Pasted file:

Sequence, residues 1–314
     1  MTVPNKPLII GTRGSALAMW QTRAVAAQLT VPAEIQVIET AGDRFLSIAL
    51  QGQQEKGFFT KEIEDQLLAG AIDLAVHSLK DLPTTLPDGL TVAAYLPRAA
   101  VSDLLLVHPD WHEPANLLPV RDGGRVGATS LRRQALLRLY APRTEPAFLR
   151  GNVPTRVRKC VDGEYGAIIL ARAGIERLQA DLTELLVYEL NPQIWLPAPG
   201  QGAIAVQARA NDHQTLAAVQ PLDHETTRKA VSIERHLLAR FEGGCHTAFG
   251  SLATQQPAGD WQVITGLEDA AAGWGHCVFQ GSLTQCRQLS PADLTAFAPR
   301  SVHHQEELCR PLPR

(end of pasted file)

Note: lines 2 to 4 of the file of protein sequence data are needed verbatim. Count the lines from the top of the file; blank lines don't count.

     1  MTVPNKPLII GTRGSALAMW QTRAVAAQLT VPAEIQVIET AGDRFLSIAL
    51  QGQQEKGFFT KEIEDQLLAG AIDLAVHSLK DLPTTLPDGL TVAAYLPRAA
   101  VSDLLLVHPD WHEPANLLPV RDGGRVGATS LRRQALLRLY APRTEPAFLR